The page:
Sunday, April 10, 2011

Moorish Spain

Please excuse my long absence, dear readers!  A string of trips and visitors, my recent engagement (!), as well as my upcoming mid-year Symposium has kept me away and busy, but certainly not uninspired. 

One of the many former mosques-turned-churches in Sevilla



The window and parapet designs on this church signify that it was once surely a mosque, most likely built in the 12th or 13th centuries when Al-Andalus was at its peak. 
The Alcazar, meaning 'palace' in Arabic, is the prime example of 'Mudejar' art in Sevilla.  The calligraphy in both Arabic and Latin shows the merging of cultures when Moorish and Catholic artisans shared techniques.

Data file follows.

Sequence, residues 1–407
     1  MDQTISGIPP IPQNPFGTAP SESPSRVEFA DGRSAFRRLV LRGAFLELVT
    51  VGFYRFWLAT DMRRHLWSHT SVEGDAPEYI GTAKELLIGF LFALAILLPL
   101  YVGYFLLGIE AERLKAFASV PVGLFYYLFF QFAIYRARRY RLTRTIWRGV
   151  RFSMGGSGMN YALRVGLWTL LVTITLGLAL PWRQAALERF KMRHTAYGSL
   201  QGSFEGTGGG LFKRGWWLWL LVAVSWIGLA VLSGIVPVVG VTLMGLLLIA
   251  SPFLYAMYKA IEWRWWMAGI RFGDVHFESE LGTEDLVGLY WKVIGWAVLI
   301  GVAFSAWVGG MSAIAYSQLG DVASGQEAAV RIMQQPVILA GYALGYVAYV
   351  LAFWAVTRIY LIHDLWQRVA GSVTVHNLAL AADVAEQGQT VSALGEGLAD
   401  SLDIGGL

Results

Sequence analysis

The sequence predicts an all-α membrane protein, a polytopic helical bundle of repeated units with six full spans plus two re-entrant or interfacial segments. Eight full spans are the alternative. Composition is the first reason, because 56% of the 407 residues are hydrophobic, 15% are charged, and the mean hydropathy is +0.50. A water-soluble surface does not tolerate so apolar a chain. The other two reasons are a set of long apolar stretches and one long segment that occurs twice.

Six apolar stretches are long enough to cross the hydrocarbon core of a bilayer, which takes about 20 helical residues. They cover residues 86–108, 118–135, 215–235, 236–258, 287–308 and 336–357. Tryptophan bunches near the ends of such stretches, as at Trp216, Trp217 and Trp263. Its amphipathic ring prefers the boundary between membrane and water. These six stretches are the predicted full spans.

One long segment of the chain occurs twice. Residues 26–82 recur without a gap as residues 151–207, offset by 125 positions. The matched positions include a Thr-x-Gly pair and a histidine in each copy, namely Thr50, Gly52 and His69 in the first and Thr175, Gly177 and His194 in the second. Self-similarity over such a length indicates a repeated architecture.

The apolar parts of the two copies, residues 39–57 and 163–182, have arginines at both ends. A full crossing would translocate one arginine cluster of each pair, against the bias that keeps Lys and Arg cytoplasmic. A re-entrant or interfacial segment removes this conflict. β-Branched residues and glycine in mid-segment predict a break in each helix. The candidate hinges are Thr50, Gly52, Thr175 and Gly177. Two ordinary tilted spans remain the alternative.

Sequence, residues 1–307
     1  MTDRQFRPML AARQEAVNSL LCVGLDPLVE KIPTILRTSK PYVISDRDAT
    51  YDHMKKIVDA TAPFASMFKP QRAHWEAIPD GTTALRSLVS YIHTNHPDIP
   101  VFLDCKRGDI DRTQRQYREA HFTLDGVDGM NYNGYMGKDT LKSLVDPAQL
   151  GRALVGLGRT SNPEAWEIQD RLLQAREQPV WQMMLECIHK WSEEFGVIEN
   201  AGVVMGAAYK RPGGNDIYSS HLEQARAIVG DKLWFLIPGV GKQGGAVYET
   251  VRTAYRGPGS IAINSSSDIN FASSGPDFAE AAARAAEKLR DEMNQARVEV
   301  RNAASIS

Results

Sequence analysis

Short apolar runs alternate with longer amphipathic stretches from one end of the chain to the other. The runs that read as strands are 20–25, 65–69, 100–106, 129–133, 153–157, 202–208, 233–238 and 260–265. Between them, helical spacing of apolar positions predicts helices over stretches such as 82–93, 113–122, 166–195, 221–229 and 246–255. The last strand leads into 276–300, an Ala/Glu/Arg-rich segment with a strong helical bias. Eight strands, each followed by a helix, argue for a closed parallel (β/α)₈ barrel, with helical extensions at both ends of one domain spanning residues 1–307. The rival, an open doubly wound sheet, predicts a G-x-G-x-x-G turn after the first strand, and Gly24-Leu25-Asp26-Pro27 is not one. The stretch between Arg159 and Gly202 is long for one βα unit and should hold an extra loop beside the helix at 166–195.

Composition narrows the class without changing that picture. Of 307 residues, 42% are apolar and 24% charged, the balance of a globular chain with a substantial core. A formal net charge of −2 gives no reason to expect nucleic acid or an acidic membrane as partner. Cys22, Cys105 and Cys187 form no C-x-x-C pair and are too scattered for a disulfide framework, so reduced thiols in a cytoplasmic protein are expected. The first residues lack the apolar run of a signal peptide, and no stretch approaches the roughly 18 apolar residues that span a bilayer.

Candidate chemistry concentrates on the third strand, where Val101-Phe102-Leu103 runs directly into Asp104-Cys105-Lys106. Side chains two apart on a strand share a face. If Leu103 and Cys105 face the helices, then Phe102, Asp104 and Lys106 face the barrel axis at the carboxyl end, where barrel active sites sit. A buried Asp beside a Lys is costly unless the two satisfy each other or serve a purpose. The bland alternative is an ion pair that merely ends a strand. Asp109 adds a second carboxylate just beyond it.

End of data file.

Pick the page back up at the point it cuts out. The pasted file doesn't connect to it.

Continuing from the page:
The mihrab in the Great Cathedral-Mosque of Cordoba.  The mihrab is a semi-circular niche in the wall of a mosque which indicates the qibla, or the direction of the Kaaba in Mecca and hence the direction that Muslims should face when praying.
The complex history of the Great Mosque-Cathedral of Cordoba can be seen in its assemblage of parts: columns from the Roman temple that originated, double arches from the Arab Caliphate, nave addition built after the Reconquista.
Me and Matt, my fiance, in front of the Torre del Oro, in Spain.  The watchtower was built by the Almohads in the first third of the 13th century in order to control access to the city from the river.



1 comment:

Matt said...

Hooray, I made it into your blog. I like the picture descriptions.